|Launch altitude amsl:||307m|
|Landing altitude amsl:||201m|
|Launch direction:||SE through S|
|GPS Launch:||22.912900° N, 121.119650° E|
|GPS Landing:||22.908049° N, 121.120051° E|
Located in a broad inland valley, Kao Tai is one of the most attractive and best equipped sites on the island. The Kaotai launch used to be built on two large wooden ramps, so it’s hang gliding heritage is quite clear.
The whole area has great XC potential, though it’s tempered with rather wet weather and lots of high-voltage power lines. There is a large tea house behind launch that relies very much on the spectators the flying attracts, so they are very friendly. There have good BBQ pits behind the tea house, toilets too. Camping is available, and there’s even a playground for kids.
|Google Earth placemarks:||kaotai_area.kmz|
|XC flightlog 1:||n/a|
|XC flightlog 2:||n/a|
The take-off is just 100m above the LZ, and features two fairly large spots covered with rubber running-track surface with a steep drop off, obviously the site was developed for hang gliders. The surface is nice and it lets the spectators know this is not a barbeque spot. The launch is uniquely built on a spur which means the wind comes up this way or that, but never straight up the middle. Flying is possible from the Kaotai launch when there’s a southerly through south-easterly wind and cloudbase can be from about 600m to 1600m. The drive back up takes about 10 minutes on a good road.
It’s possible to soar in front of Kaotai when the wind is enough and blowing from between S and SE. However, the real action is on the much larger mountain range to the east, which forms the western side of the Huadong valley. It can be tricky getting up when there is only 100m between launch and landing, but with some thermal activity it should be possible to climb high enough to cross over to the bigger mountains like Taipingshan, and from there head north up the valley.
|A look out over launch into the valley to the south, complete with all-too-typical rain shower.|
|This is a view of the same launch, looking north at the hill. This one obviously taken on a better flying day. You can see the tea house between the two launch decks.|
|This is the higher launch at Taipingshan, looking east over the Huadong valley.|
On days when the north wind blows, there is an alternative site on Taipingshan (22.928400°N, 121.099983°E) at 900m amsl, 700m agl. It’s possible to fly there year-round since it takes winds south, through east to north. It is up a badly broken road, so it’s 4WD or trucks only. This does keep the crowds away though… There are also launches at Jrbun and Taimali which work in a south to southeast wind. They are a bit harder to find and are considerably more advanced in terms of the launches themselves and the conditions you are likely to find. The launch at Lijia overlooks the airport and has been closed due to airspace issues.
Kaotai is currently closed after a tandem accident on July 27th 2011, by order of the Huadong Valley scenic area authority. No free-flying is permitted whatsoever.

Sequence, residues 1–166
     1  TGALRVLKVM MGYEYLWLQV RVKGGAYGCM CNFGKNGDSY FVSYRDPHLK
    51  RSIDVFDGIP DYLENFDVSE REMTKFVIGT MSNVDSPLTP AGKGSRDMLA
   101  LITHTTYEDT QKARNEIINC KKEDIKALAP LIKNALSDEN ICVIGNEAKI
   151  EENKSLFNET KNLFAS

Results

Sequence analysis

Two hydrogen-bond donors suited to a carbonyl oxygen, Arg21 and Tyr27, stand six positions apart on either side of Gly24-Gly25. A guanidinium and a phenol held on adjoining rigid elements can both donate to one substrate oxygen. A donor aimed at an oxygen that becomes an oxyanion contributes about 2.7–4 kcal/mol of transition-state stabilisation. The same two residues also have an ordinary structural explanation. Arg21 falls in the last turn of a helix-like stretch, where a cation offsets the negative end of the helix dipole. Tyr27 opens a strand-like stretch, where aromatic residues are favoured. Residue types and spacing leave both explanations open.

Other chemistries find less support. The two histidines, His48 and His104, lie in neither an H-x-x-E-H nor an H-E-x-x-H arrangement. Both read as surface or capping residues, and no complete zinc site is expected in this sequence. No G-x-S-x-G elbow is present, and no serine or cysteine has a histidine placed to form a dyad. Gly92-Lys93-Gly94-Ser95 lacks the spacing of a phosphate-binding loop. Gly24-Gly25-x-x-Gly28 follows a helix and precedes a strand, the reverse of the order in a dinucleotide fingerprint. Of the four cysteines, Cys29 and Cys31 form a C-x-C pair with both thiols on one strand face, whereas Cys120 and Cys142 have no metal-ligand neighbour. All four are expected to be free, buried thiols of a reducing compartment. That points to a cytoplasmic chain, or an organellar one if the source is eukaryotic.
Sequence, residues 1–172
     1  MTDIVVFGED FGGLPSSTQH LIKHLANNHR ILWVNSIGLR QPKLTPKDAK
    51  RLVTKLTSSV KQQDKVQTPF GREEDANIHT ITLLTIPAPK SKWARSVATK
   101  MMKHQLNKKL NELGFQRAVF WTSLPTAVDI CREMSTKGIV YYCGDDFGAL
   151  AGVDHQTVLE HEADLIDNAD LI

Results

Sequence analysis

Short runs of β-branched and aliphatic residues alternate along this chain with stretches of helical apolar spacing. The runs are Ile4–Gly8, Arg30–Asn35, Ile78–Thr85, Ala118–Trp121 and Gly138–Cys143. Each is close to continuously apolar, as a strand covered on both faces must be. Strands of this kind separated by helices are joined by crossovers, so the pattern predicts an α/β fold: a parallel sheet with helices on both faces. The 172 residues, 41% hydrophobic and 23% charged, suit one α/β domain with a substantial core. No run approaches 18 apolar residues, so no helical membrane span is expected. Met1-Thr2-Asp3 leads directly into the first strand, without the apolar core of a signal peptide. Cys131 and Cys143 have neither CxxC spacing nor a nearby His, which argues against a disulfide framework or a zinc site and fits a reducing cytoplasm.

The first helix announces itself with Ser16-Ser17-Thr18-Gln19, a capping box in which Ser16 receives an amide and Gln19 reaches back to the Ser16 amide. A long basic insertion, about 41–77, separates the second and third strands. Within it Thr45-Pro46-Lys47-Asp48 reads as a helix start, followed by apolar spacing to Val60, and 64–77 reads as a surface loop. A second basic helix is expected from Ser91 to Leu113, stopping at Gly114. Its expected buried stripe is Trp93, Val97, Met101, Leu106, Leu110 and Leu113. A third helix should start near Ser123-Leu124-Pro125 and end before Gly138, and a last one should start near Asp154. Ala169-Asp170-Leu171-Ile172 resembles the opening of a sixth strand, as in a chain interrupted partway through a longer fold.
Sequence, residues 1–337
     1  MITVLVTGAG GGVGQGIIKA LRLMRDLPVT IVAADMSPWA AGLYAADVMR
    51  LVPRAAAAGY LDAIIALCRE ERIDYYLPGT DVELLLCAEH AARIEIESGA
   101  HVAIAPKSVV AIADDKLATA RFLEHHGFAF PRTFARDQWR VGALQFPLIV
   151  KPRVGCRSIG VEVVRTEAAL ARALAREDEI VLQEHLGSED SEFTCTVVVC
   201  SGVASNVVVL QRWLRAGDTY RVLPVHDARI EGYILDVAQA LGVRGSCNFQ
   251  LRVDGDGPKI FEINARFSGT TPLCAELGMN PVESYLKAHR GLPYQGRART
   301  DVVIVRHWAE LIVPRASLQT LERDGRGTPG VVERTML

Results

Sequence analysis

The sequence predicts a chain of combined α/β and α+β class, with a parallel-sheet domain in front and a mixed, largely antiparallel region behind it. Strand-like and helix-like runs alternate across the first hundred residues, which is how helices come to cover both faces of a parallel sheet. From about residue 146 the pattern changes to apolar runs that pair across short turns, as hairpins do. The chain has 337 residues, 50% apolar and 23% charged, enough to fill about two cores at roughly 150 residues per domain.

The Kaotai launch is basically controlled by a group of tandem pilots that cater to the visitors, which does impact on the use the solos get from the site. If tandem business is good, they will not appreciate solo gliders soaring in front of launch and getting in their way. They also expect to be able to top land whenever they like. Solo gliders that fly too long, or too high, also make them look bad. It’s to the benefit of the tandem operators to allow spectators to run free on launch, so expect a lot of onlookers stepping on your glider or blocking the way.
Weather and season
There’s most often flyable weather during March through October, though it’s a wet part of the island and the typhoons do love it. Arrive at launch early and be prepared for afternoon showers.
Suitability for beginners?
The Kaotai launch is on a small spur so the wind can be very tricky, shifting from side to side and almost never coming up straight. The launch is only 100m above the landing area so expect any thermal lift to be broken and bumpy. The LZ itself is reasonably large, but surrounded by power lines, trees and pineapple fields so pilots need to be accurate and confident here. The alternate launches are all much too advanced for Novice pilots.
How to get there
There are flights from Kaohsiung and Taipei domestic airports, though they usually arrive too late in the day to make launch at a resonable hour, and depart just as the flying day is getting going. Taidung is pretty isolated and is several hours from either Taipei or Kaohsiung by either road or rail. Plan on making it part of a round-island trip or fly.
Where to stay
There is a real lack of tourist class hotels in Taidung, so try these instead:
Gringo hostel and cafe, very basic, but cheap.
Tel: 089 355565
52 Shin Sheng Rd, Taitung, Taiwan
near the corner of Chung Hwa Road.
If you’re looking for something even more laid back there is a growing number of bed & breakfast places along the coast road north of town.